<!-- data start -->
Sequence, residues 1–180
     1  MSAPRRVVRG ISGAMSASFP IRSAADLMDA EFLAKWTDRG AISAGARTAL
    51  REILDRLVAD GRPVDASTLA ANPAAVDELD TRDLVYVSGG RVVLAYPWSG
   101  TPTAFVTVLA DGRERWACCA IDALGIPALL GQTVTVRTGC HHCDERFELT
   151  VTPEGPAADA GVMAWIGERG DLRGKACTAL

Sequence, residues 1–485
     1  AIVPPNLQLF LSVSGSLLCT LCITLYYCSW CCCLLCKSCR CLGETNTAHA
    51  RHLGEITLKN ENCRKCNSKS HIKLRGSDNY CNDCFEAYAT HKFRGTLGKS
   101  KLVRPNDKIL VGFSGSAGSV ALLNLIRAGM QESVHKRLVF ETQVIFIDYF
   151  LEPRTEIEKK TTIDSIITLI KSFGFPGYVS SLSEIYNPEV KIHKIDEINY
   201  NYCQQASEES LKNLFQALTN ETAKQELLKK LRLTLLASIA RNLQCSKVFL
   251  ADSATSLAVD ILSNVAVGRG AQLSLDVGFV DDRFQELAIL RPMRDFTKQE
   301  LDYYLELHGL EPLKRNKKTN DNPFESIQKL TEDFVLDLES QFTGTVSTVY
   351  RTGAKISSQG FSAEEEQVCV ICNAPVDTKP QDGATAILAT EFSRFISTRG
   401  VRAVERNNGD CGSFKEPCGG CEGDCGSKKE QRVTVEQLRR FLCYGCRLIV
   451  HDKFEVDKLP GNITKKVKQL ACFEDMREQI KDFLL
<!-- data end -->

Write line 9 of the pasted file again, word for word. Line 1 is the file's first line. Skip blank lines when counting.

   101  KLVRPNDKIL VGFSGSAGSV ALLNLIRAGM QESVHKRLVF ETQVIFIDYF